Assembly President Milli Martin, who represents parts of the southern peninsula, also spent the weekend making phone calls to help find a solution to the width restriction.
"We're anticipating the worst (tourist) season we've ever had and these people are struggling to stay alive," Martin said of the potential impact to local businesses.
Tuesday morning, with work beginning on the Deep Creek bridge and flaggers directing traffic, an effort was under way to widen the open lane, according to Rick Feller, public relations liaison for DOT.
"What we're working on now is with particular focus on the Deep Creek bridge, extending that lane to 12 feet," Feller said. "From all we're talking to with Deep Creek Charterboat Association and others, it seems like if we can get that done -- and while it's not positive right now, it's looking encouraging that we can -- then that's going to take care of the lion's share of the issue that we have down there with the 10-foot, 6-inch crossing."
The traffic lane on Ninilchik bridge will be unchanged, however.
"We're certainly making every effort to accommodate everyone as fully as we can," Feller said. "We're working on an individual basis to try to do that."
In addition, Feller said DOT is looking at where communication between the state and those impacted by the projects failed.
"It seems like the principal problem was caused by an underestimation or just now recognizing the potential impact on that 10-foot, 6-inch lane," Feller said. "We had contacted people in the community telling them the project was under way, but at each of those contact points, the width issue was not apparently discussed. That really is the root of the problem."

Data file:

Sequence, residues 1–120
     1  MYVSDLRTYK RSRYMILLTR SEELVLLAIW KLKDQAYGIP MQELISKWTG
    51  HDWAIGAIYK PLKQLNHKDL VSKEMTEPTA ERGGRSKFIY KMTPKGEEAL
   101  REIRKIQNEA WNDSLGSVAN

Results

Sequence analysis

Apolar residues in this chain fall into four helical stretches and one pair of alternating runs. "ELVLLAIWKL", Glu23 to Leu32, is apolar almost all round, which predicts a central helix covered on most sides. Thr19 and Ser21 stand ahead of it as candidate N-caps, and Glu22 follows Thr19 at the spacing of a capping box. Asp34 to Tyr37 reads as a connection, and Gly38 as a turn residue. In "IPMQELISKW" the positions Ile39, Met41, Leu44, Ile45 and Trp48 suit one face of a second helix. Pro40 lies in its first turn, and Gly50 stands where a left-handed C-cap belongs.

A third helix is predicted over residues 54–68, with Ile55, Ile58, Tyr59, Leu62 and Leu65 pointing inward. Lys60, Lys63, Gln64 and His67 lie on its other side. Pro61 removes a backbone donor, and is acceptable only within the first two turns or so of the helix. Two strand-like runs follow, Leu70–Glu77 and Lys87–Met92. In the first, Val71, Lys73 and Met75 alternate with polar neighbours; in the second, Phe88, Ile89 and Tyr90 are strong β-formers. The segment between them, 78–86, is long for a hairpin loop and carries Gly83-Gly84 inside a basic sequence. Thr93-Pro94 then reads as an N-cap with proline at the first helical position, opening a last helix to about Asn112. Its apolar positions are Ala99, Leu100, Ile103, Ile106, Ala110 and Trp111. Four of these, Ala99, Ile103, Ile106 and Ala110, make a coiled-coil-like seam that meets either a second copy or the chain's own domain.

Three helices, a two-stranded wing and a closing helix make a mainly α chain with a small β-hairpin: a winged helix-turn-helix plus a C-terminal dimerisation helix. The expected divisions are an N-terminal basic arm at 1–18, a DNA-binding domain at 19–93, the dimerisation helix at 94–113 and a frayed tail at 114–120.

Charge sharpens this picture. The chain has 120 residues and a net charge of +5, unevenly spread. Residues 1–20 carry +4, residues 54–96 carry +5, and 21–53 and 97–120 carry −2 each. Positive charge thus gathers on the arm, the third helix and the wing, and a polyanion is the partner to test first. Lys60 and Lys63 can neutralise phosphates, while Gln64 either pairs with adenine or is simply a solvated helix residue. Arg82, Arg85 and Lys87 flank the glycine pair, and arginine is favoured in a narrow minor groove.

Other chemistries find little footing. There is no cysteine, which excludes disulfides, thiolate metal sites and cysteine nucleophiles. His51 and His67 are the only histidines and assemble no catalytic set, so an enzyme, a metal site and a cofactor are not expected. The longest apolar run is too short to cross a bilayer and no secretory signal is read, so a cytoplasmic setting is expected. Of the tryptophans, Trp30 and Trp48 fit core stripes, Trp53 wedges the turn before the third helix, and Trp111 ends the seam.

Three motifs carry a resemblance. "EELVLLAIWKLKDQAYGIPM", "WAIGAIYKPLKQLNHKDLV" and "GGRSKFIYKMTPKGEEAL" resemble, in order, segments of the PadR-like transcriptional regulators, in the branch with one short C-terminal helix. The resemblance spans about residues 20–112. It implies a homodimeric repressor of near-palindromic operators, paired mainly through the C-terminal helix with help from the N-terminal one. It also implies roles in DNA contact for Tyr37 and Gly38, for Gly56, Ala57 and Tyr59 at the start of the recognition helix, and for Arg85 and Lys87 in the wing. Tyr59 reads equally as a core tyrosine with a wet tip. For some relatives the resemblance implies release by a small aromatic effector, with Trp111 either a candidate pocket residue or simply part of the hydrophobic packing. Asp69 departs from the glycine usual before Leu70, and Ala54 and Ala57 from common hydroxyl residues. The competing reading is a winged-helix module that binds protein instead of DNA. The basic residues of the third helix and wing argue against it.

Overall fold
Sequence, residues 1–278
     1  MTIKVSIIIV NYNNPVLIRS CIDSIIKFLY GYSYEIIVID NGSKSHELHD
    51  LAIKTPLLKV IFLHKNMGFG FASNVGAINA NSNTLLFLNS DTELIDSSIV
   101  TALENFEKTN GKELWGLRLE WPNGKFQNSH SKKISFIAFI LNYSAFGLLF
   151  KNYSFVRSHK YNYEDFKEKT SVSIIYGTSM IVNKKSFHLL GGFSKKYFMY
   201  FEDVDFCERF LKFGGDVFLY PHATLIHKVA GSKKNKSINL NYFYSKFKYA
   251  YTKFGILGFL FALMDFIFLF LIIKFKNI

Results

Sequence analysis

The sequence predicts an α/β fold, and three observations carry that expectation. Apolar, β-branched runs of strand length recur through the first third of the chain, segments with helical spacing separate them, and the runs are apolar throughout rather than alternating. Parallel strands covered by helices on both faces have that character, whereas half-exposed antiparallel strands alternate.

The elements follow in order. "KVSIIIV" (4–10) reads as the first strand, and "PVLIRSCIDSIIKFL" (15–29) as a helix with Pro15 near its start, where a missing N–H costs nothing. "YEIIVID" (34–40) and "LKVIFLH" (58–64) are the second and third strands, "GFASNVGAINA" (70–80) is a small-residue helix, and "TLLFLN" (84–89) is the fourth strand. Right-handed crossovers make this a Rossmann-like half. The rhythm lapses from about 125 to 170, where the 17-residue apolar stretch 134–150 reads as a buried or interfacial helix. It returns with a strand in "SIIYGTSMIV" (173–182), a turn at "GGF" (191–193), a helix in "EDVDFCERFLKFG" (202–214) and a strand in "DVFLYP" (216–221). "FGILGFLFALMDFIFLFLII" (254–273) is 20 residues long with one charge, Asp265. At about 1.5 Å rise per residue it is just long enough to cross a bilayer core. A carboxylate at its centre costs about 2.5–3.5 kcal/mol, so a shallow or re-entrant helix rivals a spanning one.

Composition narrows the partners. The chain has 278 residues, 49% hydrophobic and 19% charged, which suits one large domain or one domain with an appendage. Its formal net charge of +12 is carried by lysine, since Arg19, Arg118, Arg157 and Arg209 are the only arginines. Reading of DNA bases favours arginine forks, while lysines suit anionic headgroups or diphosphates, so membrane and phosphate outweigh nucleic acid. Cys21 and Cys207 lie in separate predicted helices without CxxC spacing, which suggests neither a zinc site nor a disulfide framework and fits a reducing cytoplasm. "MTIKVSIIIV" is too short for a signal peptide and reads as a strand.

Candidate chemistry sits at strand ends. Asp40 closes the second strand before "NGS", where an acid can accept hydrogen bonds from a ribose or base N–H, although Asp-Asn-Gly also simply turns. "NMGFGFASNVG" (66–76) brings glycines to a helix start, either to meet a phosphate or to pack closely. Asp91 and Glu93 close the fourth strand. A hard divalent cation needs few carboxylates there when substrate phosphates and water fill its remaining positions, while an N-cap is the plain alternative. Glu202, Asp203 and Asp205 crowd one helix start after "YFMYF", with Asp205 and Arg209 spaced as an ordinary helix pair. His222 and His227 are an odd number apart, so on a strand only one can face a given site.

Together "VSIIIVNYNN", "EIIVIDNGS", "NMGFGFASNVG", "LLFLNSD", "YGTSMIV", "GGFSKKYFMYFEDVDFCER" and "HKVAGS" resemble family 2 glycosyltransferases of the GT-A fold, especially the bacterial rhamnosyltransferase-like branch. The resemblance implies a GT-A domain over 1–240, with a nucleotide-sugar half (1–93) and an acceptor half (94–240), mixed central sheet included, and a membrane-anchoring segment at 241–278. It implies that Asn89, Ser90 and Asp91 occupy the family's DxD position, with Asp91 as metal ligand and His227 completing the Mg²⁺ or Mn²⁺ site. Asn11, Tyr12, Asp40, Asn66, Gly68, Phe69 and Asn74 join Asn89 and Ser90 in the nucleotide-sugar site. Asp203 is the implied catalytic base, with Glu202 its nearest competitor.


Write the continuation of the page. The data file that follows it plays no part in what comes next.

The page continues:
Widening the open lane on Deep Creek bridge won't help Herb Downs, who has plans to develop a gravel pit south of Deep Creek. Unfortunately, the equipment needed for the project is located north of Ninilchik.
"The only thing I can do is sit on it until they make the bridge wider or put (the equipment) on a barge from Nikiski to Homer and bring it up from Homer," Downs said, adding that the cost to do that would put him out of business. "This pretty much shuts me down for the summer."
In addition to operating a fishing charter business, Chihuly is fire chief for Ninilchik Emergency Services. He has been assured ambulances and fire-fighting equipment would be allowed through construction areas in the event of an emergency, but Chihuly said the width restriction still has him concerned.
"The bottom line is, it's going to be a major problem. Period," Chihuly said. "They've basically surrounded the town, where we have our places of business, places to eat, the gas station. It's isolated anybody in there."
The impact goes beyond Ninilchik, according to Chihuly.
"It's really going to affect the amount of people coming down here this summer. And if I was Homer, I'd be worried about it, too," he said. "Just in terms of traffic, tourism, travel, some people will just say, 'The heck with it.'"
Saturday, the Sterling Highway bridge projects were not included on DOT's online information site. By Tuesday, they were included with other DOT projects around the state at 511.alaska.gov. Information also can be found at alaskanavigator.org. To contact Feller about getting a wide load across the Ninilchik River bridge, call 907-269-0772.
To view videos of the bridge construction across Ninilchik River and Deep Creek, visit the Web at www.homernews.com.
McKibben Jackinsky can be reached at email@example.com.